Oral Contraceptives Blamed for Stroke and Heart Attack Risk

A recent study of nearly 1500 Belgian women aged 35 to 55 found that those women taking oral
contraceptives (birth control pills) had a nearly 30 percent increased chance of forming dangerous
plaque in their arteries. Synthetic forms of estrogen are used in oral contraceptives and hormone
replacement can form plaque: a thick, hard deposit that can clog arteries.

Atherosclerotic plaque is comprised of cholesterol, bacteria and calcium which adheres to the
inner lining of damaged arteries. Lack of sufficient plant pigments (such as carotenoids,
chlorophyll, resveratrol) is generally thought to be a major cause of damage to the arterial walls.

Women are much less likely, in general, than men to have strokes or heart attacks due to
cholesterol build-up in their arteries. Women’s cardiovascular disease is more likely to be in the
peripheral (small) vessels, or be caused by low mineral (especially magnesium) status, causing
spasms of the heart muscle and vessels, as opposed to reduced oxygen flow to the heart and
brain due to plaque. However, women on the pill approach the risk of men for plaque formation,
according to this new study, reported at the October meeting of the American Heart Association
in Orlando, Florida.

Birth control pills are taken by about 100 million women worldwide. While liberation from fear of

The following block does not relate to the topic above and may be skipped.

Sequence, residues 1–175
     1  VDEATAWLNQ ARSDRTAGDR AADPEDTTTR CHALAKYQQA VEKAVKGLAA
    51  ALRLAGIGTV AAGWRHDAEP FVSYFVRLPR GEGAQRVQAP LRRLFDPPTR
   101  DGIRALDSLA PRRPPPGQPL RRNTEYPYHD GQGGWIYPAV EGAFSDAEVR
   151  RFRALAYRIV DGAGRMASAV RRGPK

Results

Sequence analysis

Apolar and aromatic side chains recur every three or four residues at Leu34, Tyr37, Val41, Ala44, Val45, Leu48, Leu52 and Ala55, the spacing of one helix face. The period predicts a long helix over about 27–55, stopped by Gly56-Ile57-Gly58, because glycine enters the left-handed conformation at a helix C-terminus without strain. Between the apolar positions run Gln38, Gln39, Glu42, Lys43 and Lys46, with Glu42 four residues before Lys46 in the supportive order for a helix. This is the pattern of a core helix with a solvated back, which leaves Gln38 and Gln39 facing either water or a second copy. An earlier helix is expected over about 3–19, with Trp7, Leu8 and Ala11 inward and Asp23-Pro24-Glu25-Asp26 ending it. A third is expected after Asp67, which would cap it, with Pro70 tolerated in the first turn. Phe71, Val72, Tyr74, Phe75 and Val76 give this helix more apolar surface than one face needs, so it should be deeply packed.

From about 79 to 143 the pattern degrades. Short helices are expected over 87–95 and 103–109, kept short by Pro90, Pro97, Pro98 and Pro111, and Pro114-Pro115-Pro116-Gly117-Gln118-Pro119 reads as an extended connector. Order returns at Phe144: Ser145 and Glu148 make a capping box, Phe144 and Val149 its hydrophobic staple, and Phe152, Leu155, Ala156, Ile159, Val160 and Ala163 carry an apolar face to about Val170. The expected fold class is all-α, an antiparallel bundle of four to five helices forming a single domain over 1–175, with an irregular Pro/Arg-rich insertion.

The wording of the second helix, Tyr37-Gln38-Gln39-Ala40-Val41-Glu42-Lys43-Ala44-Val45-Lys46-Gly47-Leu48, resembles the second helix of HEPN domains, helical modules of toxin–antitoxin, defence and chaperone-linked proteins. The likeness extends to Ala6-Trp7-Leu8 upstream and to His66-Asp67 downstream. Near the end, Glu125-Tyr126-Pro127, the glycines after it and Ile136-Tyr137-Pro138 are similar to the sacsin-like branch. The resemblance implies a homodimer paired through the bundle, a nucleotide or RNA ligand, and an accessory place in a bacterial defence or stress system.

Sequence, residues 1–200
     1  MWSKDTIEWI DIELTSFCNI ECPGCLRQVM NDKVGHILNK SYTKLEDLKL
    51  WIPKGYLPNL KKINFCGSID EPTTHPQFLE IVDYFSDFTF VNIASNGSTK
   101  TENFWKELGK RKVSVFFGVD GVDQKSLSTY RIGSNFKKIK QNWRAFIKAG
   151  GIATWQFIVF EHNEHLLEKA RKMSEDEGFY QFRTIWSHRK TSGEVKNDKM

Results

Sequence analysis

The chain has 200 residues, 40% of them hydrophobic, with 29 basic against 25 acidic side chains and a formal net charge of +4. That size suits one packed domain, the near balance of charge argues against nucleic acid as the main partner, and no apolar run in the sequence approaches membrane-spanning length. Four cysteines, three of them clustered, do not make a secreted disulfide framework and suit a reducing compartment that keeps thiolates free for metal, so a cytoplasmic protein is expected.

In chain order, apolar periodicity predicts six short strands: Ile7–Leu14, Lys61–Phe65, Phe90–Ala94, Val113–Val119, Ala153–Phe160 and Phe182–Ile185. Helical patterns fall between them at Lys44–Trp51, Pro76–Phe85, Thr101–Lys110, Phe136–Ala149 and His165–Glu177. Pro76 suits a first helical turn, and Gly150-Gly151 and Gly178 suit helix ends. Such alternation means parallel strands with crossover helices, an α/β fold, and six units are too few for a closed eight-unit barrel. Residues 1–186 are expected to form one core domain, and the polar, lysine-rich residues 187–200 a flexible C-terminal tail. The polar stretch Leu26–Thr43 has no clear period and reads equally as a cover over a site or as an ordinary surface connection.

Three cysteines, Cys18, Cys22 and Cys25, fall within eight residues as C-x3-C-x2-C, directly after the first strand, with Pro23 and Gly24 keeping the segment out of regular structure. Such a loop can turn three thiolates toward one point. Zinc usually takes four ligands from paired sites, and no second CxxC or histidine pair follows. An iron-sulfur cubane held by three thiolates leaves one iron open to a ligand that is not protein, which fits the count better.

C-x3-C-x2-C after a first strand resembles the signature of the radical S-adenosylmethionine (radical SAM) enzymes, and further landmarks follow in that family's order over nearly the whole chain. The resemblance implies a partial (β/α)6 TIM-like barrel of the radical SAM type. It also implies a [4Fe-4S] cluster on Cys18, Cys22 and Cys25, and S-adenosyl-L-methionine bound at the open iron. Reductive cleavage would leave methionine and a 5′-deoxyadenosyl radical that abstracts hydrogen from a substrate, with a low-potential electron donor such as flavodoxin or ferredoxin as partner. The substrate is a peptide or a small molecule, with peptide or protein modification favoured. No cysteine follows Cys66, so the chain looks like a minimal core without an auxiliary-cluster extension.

pregnancy is a crucial part of women’s march towards emancipation, “the pill” poses risks. If
taken for more than 10 years, this new study says, women run the risk of clogged arteries, which
can lead to heart disease and stroke.

Previous studies had shown that synthetic hormones used for birth control greatly increased the
risk of blood clotting. Older forms of birth control pills combine estradiol and progestin, two
laboratory-made mimics of the female sex hormones. Two years ago, a big pharmaceutical
company, Johnson and Johnson, finally recalled the Ortho Evra patch after definitive proof that
women on the patch were dying of strokes and blot clots three times more frequently than the
general population. FDA records show that seventeen patch users between the ages of 17 and
30 suffered fatal heart attacks, blood clots and possible strokes between August 2002 and November 2005.

The pills in the study were not the newer, very low dose hormones, which may confer less risk.
However, what’s new with the Belgian study is the addition of atherosclerotic plaque formation, in
relatively young women, to the risk of clot formation. Clots typically form in the legs and can
cause serious injury and death if they travel to the heart, lungs or brain.

Other problems with synthetic estrogen, in any dose, shown through published scientific studies
include depletion of folic acid, magnesium, tyrosine (an amino acid important in thyroid function,
among other actions), zinc, and vitamins B1, B3, B6, B12 and C

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